Many of the names and some of the descriptions in this blog have been changed to protect the guilty.

Friday, February 13, 2009

When Forest Park Zoo Animals Attack, Part 2

Jiggs’ Fatal Dash For Freedom

Photo: Jiggs grasps a stick at the Springfield Science Museum. On April 21, 1967, he brandished a bar in that same paw--one he had ripped out of his cage--and engaged in a duel with bars in the neighboring enclosure. A few hours later he bent another bar, squeezed through, and off he went into Forest Park.

“Jiggs’ Fatal Dash For Freedom.” That was the Springfield Daily News headline on April 23, 1967, right under the top header “Chimp Goes Ape.”

In When Zoo Animals Attack Part 1, Snowball the polar bear’s trials and tribulations were reported, including a gunshot wound to her head when she clamped her teeth down on a zoogoer’s arm in April of 1972.

April was also the cruelest month for Jiggs, who came to the Forest Park Zoo in 1966 at age 14 with his 19-year-old mate, Nancy, from Washington, DC’s National Zoo.

Both Snowball and Jiggs are now permanent residents of the Springfield Science Museum. Snowball guards the museum shop, while Jiggs is part of the African Hall exhibit.

The story of Jiggs' death in a hail of gunfire is not one of zoo staff incompetence or trigger-happy police officers, as many people think. It’s the story of a frustrated father who just wanted to see his son, Jiggsy (pictured below in the winter of 1969-70).

Photo: Steve Jeannotte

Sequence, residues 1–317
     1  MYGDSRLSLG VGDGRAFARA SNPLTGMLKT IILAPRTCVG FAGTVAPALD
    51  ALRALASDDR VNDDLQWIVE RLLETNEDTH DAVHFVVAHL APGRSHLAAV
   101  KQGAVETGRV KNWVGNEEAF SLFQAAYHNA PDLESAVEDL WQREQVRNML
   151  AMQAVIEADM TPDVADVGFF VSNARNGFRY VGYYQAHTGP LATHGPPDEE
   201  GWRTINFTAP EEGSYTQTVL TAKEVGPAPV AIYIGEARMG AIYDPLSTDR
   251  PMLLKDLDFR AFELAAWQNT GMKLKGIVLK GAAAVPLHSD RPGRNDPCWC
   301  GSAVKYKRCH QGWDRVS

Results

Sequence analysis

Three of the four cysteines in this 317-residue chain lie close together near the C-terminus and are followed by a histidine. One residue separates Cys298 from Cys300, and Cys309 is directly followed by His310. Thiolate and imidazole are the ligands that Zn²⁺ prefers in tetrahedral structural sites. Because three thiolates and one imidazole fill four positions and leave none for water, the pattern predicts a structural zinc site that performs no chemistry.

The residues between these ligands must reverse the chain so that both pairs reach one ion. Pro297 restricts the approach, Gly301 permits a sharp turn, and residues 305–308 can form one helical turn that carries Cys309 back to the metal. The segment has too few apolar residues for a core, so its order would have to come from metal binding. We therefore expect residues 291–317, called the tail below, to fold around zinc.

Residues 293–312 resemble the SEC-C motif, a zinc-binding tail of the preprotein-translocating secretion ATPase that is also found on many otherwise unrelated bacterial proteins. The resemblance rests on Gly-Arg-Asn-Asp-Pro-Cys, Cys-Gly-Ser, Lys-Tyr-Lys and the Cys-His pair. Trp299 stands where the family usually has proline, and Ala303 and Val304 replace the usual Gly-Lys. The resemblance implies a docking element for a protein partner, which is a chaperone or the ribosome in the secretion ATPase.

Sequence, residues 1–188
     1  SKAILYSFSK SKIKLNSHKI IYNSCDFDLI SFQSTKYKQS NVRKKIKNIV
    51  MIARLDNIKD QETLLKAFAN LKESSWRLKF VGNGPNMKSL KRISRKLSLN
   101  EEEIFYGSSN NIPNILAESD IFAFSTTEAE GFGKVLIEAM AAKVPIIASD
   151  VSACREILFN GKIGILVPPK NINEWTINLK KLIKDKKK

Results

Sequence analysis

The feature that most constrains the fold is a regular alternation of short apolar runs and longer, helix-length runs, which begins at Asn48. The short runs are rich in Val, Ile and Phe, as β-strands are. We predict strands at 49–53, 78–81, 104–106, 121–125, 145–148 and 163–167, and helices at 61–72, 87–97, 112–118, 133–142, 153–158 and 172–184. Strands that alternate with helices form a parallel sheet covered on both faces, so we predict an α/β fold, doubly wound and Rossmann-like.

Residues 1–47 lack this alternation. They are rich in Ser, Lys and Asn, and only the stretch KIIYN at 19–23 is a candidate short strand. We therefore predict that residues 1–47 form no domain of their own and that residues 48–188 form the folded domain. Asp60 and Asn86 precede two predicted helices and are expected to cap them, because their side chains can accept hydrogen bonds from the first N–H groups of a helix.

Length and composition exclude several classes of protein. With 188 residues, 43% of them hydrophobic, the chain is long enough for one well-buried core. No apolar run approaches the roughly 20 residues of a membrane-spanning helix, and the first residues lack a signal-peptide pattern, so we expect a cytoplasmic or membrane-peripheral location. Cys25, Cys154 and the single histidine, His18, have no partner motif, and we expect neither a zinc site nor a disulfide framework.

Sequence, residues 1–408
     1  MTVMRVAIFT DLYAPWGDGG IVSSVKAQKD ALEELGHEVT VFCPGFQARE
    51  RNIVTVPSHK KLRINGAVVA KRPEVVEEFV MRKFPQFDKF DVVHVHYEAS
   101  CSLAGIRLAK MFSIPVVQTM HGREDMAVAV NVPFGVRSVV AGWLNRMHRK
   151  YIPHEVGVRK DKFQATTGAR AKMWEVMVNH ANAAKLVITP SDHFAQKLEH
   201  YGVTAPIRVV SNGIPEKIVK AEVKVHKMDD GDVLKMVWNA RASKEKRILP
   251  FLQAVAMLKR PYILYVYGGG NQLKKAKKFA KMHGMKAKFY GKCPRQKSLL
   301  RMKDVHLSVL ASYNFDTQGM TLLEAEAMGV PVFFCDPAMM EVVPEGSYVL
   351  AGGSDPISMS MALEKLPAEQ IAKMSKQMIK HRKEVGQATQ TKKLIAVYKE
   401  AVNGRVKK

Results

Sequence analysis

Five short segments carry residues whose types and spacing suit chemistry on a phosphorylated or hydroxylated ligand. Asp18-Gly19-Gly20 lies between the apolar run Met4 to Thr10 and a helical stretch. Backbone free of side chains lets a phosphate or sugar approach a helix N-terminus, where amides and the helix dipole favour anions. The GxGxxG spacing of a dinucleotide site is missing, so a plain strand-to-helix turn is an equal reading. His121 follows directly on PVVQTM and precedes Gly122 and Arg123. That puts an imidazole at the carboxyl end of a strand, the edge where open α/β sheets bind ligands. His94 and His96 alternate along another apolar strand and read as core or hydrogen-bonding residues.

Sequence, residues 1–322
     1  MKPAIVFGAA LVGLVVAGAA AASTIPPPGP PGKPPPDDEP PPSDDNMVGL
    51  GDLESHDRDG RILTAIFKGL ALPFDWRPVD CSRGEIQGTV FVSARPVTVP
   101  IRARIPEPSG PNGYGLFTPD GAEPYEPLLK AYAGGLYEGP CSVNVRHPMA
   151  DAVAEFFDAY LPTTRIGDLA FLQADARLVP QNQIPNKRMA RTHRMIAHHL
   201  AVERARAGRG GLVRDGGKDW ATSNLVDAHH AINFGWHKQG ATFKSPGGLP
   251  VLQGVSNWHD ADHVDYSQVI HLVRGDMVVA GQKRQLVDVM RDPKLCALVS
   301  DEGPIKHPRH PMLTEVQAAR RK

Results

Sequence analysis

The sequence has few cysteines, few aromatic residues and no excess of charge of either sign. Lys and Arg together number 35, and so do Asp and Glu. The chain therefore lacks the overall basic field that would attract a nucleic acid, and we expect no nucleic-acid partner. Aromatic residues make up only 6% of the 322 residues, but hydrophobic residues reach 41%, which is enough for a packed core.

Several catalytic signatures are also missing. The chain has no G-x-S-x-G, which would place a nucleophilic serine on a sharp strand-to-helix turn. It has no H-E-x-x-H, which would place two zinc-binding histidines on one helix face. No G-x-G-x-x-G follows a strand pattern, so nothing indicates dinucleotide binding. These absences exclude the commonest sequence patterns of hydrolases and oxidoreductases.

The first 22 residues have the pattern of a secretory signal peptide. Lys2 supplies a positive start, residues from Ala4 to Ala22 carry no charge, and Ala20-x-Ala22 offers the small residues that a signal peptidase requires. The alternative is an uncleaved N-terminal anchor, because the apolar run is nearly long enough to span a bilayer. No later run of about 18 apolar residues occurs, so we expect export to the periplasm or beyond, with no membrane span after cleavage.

APRIL 1967

Nancy gave birth to a male on April 17, 1967, and she shielded him from everyone, especially Jiggs. So Jiggs became increasingly restless, and four nights later he went berserk, tearing out four bars between his family’s cage and the lions' cage. Head zookeeper Gene Barr discovered the damage the next morning, and fortunately the lions (pictured below) hadn’t torn Jiggs’ family to bits.

Photos: Steve Jeannotte

Jiggs had calmed down enough for Barr to enter the cage, and even let the zookeeper shake hands with him. However, Jiggs, armed with one of the loose bars, opened the window leading to the outside exercise portion of the outdoor cage (the cage pictured to the right of the entrance below) and began hitting the bars outside with his weapon, working himself into a frenzy again.

It was decided that later that night Jiggs and Nancy would board a plane back to Washington, while a better, stronger cage was built in the Forest Park Zoo, and that the baby would be shipped to Boston’s Franklin Park Zoo, which was better prepared to care for a newborn. The plan was to return the tiny chimp to Forest Park at a later date.

On Friday, April 21, at 8:30 p.m. Jiggs was shot with a tranquilizer dart, but it had no effect. In fact, it enraged him. With three times the strength of a human, he ripped out the one-inch-thick bar, squeezed through a five-inch gap in the cage, and disappeared into the night.

Photo: Frank Usin was on a routine assignment for the Springfield Union to take pictures of the chimp family when all hell broke loose. He snapped a shot (click to enlarge) of the cage after Jiggs bent a bar and escaped.

Jiggs was sighted in the Trafton Road area, and an alarmed woman later reported a “rather small man with a frightening beard” hanging out on her back porch. Then he came back to the park and tackled a man who was digging for night crawlers on the baseball fields.

Parks Superintendent Baldwin Lee and Police Sergeant Leonard Rook, along with 10 Springfield police officers, were on the hunt for Jiggs when Frank Usin, a photographer for the Springfield Union newspaper, saw the chimp in his headlights near his old cage. He followed the ape in his car toward the swimming pool area. “He never liked cameras, and I felt that if I popped a flashbulb in his eyes he’d go for me,” said Usin.

By then Lee and the police converged on Jiggs with shoot-to-kill orders because he posed a danger to the public and was heading in the direction of Sumner Avenue after he “menaced children and other visitors in the park,” according to the Springfield Union article. Lee shot at Jiggs with a rifle, and the police also opened fire, fatally wounding the animal.